Agendas are the reason, in my opinion. So, if the writing or art is a means to an end, to convert you to the author’s point of view, or as you point out, justify the author’s interest in a topic as not violating the author’s Christian ethics, then I think the writing betrays it’s agenda and so, to a reader intent on discovering quality content worthy of their time, it may appear to their mind as shallow or diluted, or as not originating in thoughtful contemplation, or inauthentic and deceptive.
I believe that the best Christian writing, which express a depth of insight, would be expressed by an author who utilizes their core values as the foundation for their discussion or contemplation of a topic, even a non-Christian one. It would also be possible to utilize these same values as measured critical or analytical tool for questioning beliefs, theirs or some others, or for expanding upon them in a novel way.
While your main criticism – proselytizing – is a characteristic of unquestioned or strongly defended beliefs (as in my way is the only way to truth and salvation); I believe the fault lies in the total lack of inquiry into their validity, as well as in the overall quality or skill of the writing itself.
Even an author whose intent it is simply proselytizing has a right to publish. There are no rules as to who can write what or for what purpose and being Christian or writing about Christian topics does not change that fact. The burden is on the reader to discern whether the writing appeals to their personal bend of mind and to put aside those writings that do not.
Deborah, you said:
“I believe that the best Christian writing, which express a depth of insight, would be expressed by an author who utilizes their core values as the foundation for their discussion or contemplation of a topic, even a non-Christian one. It would also be possible to utilize these same values as measured critical or analytical tool for questioning beliefs, theirs or some others, or for expanding upon them in a novel way.”
I agree with that. Certainly, its not that a Christian has core values that is the issue. Core values can give a reference point for insight, a lense through which to discern meaning.
“While your main criticism – proselytizing – is a characteristic of unquestioned or strongly defended beliefs (as in my way is the only way to truth and salvation); I believe the fault lies in the total lack of inquiry into their validity, as well as in the overall quality or skill of the writing itself.”
I don’t think I meant proselytizing to be my main criticism. Its just one of the more obvious factors. The behavior of prosyletizing is an external sign of a general attitude… and, as you said, a defended/unquestioned belief system. Everything is secondary to the belief system including the quality of writing. As long as God’s Word is communicated, it doesn’t matter the author’s words used to do the communicating.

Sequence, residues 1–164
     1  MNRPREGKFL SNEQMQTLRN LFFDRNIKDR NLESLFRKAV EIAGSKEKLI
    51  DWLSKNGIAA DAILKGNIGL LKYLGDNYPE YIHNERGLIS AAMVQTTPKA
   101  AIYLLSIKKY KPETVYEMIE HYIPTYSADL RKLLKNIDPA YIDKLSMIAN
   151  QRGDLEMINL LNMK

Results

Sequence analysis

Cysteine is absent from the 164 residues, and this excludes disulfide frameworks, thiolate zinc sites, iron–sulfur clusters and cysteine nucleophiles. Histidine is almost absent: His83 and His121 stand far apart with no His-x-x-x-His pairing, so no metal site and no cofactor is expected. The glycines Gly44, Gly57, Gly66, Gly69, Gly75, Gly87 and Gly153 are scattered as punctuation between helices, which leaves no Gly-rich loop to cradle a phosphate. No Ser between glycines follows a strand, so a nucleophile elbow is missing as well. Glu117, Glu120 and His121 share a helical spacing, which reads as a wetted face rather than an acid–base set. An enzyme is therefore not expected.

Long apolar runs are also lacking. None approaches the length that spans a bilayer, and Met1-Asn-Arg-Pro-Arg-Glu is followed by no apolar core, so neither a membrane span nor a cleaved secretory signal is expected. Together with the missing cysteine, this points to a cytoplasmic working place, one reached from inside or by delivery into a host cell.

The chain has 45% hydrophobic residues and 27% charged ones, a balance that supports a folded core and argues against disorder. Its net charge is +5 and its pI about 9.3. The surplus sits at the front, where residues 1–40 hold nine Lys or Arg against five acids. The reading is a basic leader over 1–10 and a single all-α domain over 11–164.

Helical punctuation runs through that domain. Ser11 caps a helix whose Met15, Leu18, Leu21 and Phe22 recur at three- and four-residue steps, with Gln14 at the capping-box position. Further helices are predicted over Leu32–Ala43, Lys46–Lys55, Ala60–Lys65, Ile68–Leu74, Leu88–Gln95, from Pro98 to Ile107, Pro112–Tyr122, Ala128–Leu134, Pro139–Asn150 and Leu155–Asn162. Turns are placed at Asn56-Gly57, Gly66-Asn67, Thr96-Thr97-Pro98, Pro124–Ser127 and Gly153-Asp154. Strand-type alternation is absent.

However, this level of proselytizing is an extreme. Many people can have a desire to communicate their beliefs all the while being able to question, but the stronger the beliefs the more difficult it is to question them.
“Even an author whose intent it is simply proselytizing has a right to publish. There are no rules as to who can write what or for what purpose and being Christian or writing about Christian topics does not change that fact. The burden is on the reader to discern whether the writing appeals to their personal bend of mind and to put aside those writings that do not.”
Yep, they have a right to publish. I have absolutely no criticism of Christians writing. In fact, I’ve been recently reclaiming my own sense of Christianity.
Discernment of the individual is paramount, but mass of superficial and uninsightful writing out there still annoys me. I’m a writer and love to write. I’d love to be published some day, but I would only want to be published if I had something to say that was worthy of being said and hadn’t been said many times before. Even when I blog, I try to add something that is meaningful or helpful or kind. There is enough meaningless words on the web.
Of course, what seems worthy is different for different people. Those Christian books that annoy me probably seem quite wonderful to many others. Even if only a minority of people like your work, its worthy of being published. Even if nobody appreciates your work, maybe its worthy. Many artists weren’t appreciated in their own lifetime.
Yes, I sensed all along that your love for good writing is why the kinds you outline bother you. Like you, I try to add something meaningful or helpful or kind. Otherwise, it does seem pointless to me. Noise to hear myself chatter. I have to keep that at bay enough as it is.
Who has time for meaningless words? Well I guess someone does obviously. But you and I, while recognizing equal right of access for all, still like the cream, do we not?